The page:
ukraine 0 #eng 0. Hideously ugly performance but good point. Cahill, Cole outstanding. Why didn't Carrick come on? Midfield lacked composure- Henry Winter (@henrywinter) September 10, 2013
Michael Carrick is another absentee who will be the focus of discussion given his ability to pass the ball in the centre of midfield.
Indeed, the 32-year-old Manchester United man has become something of a champion for dissatisfied fans over recent years - a symbol of the unwillingness to prioritise possession.
The difficulty with including Carrick is that it would require dropping the chief goal threat from midfield in Lampard, the captain in Gerrard or the only player under 32 among them in Wilshere.
And besides, anyone who saw Carrick's efforts in the similarly disappointing draw in Montenegro would struggle to be convinced his introduction would have transformed Tuesday's team.
Credit to the captain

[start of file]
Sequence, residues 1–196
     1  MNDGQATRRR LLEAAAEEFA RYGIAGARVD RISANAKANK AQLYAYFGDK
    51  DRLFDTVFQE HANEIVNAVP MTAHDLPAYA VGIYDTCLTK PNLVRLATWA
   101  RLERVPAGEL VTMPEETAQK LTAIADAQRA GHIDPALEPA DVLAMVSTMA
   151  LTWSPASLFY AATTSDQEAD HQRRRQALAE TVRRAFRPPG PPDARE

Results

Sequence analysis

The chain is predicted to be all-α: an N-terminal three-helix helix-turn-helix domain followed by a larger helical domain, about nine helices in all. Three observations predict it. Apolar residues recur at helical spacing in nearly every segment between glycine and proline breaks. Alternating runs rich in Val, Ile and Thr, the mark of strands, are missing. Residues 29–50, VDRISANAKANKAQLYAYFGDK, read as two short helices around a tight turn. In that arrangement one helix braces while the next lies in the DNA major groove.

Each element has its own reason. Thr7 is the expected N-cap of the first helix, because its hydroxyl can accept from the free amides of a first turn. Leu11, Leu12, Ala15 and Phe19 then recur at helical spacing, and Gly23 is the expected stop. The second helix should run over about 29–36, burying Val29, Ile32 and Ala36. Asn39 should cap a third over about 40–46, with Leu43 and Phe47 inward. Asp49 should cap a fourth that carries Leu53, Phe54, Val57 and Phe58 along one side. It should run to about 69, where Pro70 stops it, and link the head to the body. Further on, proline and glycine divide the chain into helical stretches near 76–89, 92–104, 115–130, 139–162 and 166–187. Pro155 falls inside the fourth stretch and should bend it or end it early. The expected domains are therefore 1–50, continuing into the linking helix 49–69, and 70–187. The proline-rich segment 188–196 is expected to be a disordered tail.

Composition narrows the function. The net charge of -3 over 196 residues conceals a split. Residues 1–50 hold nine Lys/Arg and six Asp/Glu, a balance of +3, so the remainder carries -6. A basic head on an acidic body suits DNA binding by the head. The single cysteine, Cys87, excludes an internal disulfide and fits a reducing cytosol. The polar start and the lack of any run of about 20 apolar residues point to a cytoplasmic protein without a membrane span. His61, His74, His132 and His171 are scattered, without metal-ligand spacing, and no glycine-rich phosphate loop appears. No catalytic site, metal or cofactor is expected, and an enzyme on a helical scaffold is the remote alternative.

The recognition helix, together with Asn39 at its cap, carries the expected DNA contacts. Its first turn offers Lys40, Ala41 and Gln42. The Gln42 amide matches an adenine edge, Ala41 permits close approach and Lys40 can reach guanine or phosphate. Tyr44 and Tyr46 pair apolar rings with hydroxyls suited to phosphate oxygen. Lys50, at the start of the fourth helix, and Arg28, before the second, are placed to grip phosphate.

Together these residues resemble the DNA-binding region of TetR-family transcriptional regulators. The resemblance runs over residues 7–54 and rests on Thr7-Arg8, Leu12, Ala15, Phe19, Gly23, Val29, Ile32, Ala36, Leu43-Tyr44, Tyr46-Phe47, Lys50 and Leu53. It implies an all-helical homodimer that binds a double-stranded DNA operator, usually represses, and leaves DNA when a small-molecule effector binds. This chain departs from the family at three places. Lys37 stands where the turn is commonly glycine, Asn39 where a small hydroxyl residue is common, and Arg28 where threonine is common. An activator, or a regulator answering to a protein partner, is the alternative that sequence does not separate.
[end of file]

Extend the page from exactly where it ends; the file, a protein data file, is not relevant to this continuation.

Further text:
The prospect of Gerrard and Lampard playing alongside each other has long since become a source of amusement given their apparent inability to flourish as a pair but the theory ignores the fact that they now occupy a three-man midfield and the England captain is a very different player these days.
This was one of those occasions when we saw that Gerrard is doing the defensive side of the game better with age. He showed real responsibility as he covered back to produce a couple of crucial clearances in the second half and his tracking was a feature of the night.
"The manager asked us to stick together and we did that," he told Sky Sports. "As a unit we were solid. Defensively we were faultless tonight, from front to back."
Gerrard has spoken of a desire to lead by example and show his younger team-mates just how much he wants to be in Brazil next summer in the hope they will be inspired.
"I'm confident of getting the job done," he added afterwards.
Few did their job better than the skipper on the night.